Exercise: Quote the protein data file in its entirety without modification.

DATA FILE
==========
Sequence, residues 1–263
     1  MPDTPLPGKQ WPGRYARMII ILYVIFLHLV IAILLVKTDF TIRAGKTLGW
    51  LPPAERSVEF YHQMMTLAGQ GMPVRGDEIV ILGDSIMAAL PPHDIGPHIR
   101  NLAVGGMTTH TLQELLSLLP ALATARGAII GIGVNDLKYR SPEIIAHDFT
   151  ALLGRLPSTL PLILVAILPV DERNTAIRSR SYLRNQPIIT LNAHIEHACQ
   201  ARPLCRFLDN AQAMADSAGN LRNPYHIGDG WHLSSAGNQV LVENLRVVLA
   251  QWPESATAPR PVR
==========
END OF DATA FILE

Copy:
Sequence, residues 1–263
     1  MPDTPLPGKQ WPGRYARMII ILYVIFLHLV IAILLVKTDF TIRAGKTLGW
    51  LPPAERSVEF YHQMMTLAGQ GMPVRGDEIV ILGDSIMAAL PPHDIGPHIR
   101  NLAVGGMTTH TLQELLSLLP ALATARGAII GIGVNDLKYR SPEIIAHDFT
   151  ALLGRLPSTL PLILVAILPV DERNTAIRSR SYLRNQPIIT LNAHIEHACQ
   201  ARPLCRFLDN AQAMADSAGN LRNPYHIGDG WHLSSAGNQV LVENLRVVLA
   251  QWPESATAPR PVR